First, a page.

Neuroscience and reason are telling us that we’re not the freely choosing, self-directed people we suppose. That revelation isn’t exactly headline news in a country steeped in religious faith, superstition, and pseudoscience. But even among skeptical Americans—self-professed critical thinkers and advocates for secular values and scientific literacy—assumptions about the self and free will seem as entrenched as ever. …
Bruce Cockburn's self-titled debut's blend of diversity, enthusiasm, and innocence never quite resurfaced again in his work, especially in his more clinical, politically inclined tracts of later decades. The opening number, "Going to the Country," still evokes that hippie-esque, back-to-the-earth movement as well as any song ever recorded, complete with a sly wink that keeps it fresh to this day. And since this was 1970, the album also comes equipped with some of those quaint excesses of the period; try the nasal tone poem gracing "The Bicycle Trip." "Musical Friends" remains a lively, happy-go-lucky classic with piano signature lifted from Paul McCartney's playbook; it's difficult to picture the dour Cockburn of more recent years ever having this much fun. In contrast, "Thoughts on a Rainy Afternoon" offers a trance-like, introspective atmosphere reminiscent of British folkie legend Nick Drake.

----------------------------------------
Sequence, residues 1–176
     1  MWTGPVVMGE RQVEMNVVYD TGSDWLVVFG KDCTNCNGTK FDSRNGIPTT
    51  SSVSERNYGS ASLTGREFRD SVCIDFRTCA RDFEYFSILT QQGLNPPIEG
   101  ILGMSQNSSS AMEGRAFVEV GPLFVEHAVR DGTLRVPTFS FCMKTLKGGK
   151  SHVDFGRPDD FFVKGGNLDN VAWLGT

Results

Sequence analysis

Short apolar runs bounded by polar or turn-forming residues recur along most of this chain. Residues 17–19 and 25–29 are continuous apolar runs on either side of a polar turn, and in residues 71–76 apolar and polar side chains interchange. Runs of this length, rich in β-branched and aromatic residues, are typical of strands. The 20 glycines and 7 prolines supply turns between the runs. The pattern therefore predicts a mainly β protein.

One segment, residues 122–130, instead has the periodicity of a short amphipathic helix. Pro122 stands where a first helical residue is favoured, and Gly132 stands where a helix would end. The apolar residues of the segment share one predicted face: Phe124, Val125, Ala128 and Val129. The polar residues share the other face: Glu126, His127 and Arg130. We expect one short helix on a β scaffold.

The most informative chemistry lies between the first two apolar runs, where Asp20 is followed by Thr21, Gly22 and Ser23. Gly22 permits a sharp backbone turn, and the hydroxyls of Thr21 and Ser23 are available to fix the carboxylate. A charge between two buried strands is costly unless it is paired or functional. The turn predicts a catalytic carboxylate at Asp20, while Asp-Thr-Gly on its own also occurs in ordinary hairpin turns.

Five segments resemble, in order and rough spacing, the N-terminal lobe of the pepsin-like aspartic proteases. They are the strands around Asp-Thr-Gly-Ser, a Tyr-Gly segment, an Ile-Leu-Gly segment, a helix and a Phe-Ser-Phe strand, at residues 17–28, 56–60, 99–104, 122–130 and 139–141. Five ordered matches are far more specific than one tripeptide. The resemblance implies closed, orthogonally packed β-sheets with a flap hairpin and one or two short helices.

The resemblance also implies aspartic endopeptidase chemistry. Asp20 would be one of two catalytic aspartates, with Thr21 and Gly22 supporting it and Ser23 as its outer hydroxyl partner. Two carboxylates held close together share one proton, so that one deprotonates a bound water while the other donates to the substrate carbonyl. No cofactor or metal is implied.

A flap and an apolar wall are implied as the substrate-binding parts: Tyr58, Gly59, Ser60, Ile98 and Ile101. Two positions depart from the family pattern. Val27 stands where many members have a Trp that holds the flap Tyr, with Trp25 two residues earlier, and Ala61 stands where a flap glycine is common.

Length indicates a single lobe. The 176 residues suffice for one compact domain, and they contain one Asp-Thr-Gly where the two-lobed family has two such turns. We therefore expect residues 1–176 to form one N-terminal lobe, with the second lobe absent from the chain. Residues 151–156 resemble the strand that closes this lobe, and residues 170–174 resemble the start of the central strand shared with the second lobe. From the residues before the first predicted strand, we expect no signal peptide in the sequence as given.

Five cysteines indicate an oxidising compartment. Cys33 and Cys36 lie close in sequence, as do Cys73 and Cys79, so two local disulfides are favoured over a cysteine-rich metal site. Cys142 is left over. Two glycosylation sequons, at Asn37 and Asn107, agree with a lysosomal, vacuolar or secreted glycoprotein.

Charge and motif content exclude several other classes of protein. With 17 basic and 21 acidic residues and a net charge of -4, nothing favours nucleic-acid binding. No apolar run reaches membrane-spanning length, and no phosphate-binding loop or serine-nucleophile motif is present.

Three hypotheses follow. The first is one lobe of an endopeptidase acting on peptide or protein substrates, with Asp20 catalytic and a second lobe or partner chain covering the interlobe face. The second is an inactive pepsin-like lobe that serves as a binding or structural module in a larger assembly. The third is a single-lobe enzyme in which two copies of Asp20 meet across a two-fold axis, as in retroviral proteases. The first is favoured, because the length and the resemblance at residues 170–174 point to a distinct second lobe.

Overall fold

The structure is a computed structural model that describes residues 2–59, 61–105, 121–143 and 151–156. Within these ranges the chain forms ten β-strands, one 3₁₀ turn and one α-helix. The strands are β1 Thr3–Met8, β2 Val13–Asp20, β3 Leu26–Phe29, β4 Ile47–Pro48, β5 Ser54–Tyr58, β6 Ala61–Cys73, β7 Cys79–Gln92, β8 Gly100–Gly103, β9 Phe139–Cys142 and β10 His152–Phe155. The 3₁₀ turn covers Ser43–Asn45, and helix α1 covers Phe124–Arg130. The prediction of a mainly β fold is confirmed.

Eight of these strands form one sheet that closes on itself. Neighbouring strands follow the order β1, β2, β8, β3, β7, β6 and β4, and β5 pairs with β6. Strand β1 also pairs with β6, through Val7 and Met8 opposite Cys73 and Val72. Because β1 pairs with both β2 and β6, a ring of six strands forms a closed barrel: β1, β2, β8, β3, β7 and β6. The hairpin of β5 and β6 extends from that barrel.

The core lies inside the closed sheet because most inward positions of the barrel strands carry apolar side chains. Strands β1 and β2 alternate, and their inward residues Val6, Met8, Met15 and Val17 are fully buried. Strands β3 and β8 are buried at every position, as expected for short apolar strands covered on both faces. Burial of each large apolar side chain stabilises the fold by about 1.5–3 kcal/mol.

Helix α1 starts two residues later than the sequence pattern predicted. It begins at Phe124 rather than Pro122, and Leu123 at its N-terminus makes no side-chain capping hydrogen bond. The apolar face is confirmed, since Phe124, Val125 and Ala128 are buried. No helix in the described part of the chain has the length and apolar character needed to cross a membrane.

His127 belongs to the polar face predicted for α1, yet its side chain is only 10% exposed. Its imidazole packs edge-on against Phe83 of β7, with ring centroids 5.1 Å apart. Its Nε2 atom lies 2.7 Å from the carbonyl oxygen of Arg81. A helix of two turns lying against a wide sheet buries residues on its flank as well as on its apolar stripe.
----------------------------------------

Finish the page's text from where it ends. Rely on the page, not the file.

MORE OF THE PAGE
In this video, Michael Covel, author of the best selling book, Trend Following, interviews Kevin Bruce a self-taught trader who, while nearly anonymous to the trading world, earned a fortune trading as a trend following trader. Bruce made his money working as a trader in the futures markets for two banks before starting his own company, Strategic Capital Corp. He trades commodities ranging from corn to crude oil, treasury bonds and foreign currencies. He follows a strategy he first developed while a graduate student at the University of Georgia. He found his discipline in sports and playing competitive board games, but handles his risk with an eye to moderation.
Bruce Cockburn is Canada's version of Richard Thompson, a brilliant folk-rock guitarist who also writes smart, acerbic lyrics about the twisted ways of modern society and modern romance. Never as vicious or as funny as Thompson, Cockburn is a more restrained, less obvious talent, but rewarding just the same. Dart to the Heart, free of political abstractions and filled with personal musings on love, is his best since 1985's World of Wonders. The first single, "Listen for the Laugh," is a boisterous hornªpowered rocker that insists good-naturedly that the surest sign of love is not sighing but laughter–and very specific sort of laughter, like "a chain saw in a velvet glove." That's a good description for Cockburn's guitar work, too, for he keeps it buried behind his deep, sleepy vocals, but if you listen closely you can hear just how his picking chews up chords and sends notes flying in all directions.